I returned home after my quarantine and my sewing room had moved.
Tuesday, September 15, 2020
Monday, September 14, 2020
I got Covid. Yep, I actually got the Corona Virus. Thus, I wound up quarantined for nearly 3 weeks. And what did I do during quarantine? I made myself a new pair of stays. (btw - I'm all better now! Recovered well, no worries!)
My Simplicity stays turned out well (I'm still quite pleased with them, and they are very comfortable!), but they definitely left me with the desire to learn more and make my next stays using more historical methods. Thus, when the Augusta Stays pattern was released last summer, boasting both in-depth historically accurate instructions and a set of instructions using modern methods to achieve the same results, I knew I wanted to give this pattern a try! My first pair of stays gave me a good mid 18th century silhouette - rather straight up and down with a conical shape and a flattened chest. Just what I needed to go under my 1760's Robe a la Francaise. The Augusta Stays on the other hand have a 1780's shape, which is a bit more curvy. As I had (and still have!) several 1780's projects planned, these stays would fill a gap in my historical wardrobe.
I bought the pattern last November during the Scroop Patterns Black Friday Sale, and 8 months later, in July, I decided it was a good time to get started on this project. I printed out the pattern, read through both the historical and modern instructions, figured out what size I needed, gathered my materials, and made a cardboard mock-up.
|Didn't have my shift with me, so my nightgown worked as a decent stand-in.|
How it fits the challenge: These stays have 4 different "secrets" - First, I made them while I was quarantined with Covid-19. (Maybe this isn't actually a secret, but just a cool story. Either way. . .) Second, They're boned with zip ties since those are easier to come by than whale bone. Third, The linen scraps I used as lining behind the strap eyelets is harvested from a thrifted men's linen shirt I used for a refashion years ago. Fourth, There are two places (other than the boning channels) where I used my sewing machine on this project to save time - but you can't see where those places are!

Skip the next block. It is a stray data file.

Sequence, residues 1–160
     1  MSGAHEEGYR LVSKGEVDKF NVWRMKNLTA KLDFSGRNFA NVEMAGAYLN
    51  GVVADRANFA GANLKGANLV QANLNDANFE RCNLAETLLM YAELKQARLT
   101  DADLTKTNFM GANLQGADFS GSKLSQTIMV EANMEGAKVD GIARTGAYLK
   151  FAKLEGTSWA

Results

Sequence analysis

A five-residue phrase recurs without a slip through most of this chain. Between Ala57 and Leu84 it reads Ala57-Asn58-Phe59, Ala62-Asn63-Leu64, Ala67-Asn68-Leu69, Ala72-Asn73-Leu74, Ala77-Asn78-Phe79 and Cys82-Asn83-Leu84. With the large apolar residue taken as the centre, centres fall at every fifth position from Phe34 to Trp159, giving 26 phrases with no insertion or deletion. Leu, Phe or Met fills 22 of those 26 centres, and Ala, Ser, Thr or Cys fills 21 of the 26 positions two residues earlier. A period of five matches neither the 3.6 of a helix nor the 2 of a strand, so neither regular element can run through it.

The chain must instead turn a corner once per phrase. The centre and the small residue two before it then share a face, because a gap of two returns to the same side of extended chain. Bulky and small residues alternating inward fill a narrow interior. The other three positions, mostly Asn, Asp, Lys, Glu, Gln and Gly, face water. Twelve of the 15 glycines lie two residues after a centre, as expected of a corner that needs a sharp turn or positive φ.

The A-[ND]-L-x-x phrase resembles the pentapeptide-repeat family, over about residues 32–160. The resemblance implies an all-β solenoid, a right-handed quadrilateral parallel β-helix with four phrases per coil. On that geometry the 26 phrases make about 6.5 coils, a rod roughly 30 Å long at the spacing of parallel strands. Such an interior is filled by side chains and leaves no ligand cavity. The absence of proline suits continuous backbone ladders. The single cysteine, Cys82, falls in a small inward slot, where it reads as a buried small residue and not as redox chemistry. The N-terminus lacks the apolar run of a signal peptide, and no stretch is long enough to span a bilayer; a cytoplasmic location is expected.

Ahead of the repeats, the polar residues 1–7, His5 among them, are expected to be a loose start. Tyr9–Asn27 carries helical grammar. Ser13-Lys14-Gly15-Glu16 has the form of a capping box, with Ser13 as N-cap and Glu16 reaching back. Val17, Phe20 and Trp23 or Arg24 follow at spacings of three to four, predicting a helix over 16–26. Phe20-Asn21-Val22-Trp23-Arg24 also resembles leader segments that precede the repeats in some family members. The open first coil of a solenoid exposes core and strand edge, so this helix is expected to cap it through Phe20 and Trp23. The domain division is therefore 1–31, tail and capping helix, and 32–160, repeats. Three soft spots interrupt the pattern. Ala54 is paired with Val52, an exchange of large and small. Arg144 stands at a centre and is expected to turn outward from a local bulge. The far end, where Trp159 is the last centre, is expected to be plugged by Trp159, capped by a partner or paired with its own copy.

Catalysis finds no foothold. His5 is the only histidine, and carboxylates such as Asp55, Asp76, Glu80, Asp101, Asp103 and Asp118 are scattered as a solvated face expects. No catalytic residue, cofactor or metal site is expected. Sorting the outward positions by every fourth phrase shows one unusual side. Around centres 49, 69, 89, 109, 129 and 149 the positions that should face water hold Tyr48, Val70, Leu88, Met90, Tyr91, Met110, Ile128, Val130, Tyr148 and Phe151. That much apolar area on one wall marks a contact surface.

Material: Heavy linen for interlining layers, lighter weight linen for the fashion layer.
Pattern: Augusta Stays by Scroop Patterns and Virgil's Fine Goods.
Notions: Hand quilting poly/cotton blend thread, silk button hole twist, linen lacing, zip ties, petersham ribbon, xantham gum to make buckram for interlining.
How historically accurate is it? 75% I'd say. The pattern is good, the shape is right, they are mostly hand sewn using period accurate techniques, and the main materials are decent. The main concessions to historical accuracy are: Plastic for boning since whale bone is a no-go. Using poly/cotton and silk thread rather than linen. Making the buckram with modern xanthan gum rather than the more accurate gum tragacanth. Machine sewing the majority of the boning channels and a couple other things (straps and edges). Binding with rayon petersham ribbon. And if we want to get really technical, the weave of my linen lacing probably isn't right.
Hours to complete: Who knows! About 3 weeks of relatively uninterrupted sewing time thanks to Covid.
First worn: For pictures September 10, 2020
Total cost: The pattern was about $16 on sale last fall. The zip ties were $2 a package, and I used about 2 packages. I paid $10 for a huge roll of petersham ribbon and used very little of it. The heavy linen was thrifted for $2 for 4 yards. I used maybe a yard. The bag of xanthan gum was about $10, and I have a ton left over. The hand quilting thread was $2 for the spool, and there's plenty of that left over too. Everything else was stash from several years ago so I don't remember costs. So that's about $54 that I spent to actually be able to do the project, but, including the pattern, there's only about $25 total worth of materials in the stays and all the left over materials will be used for future projects.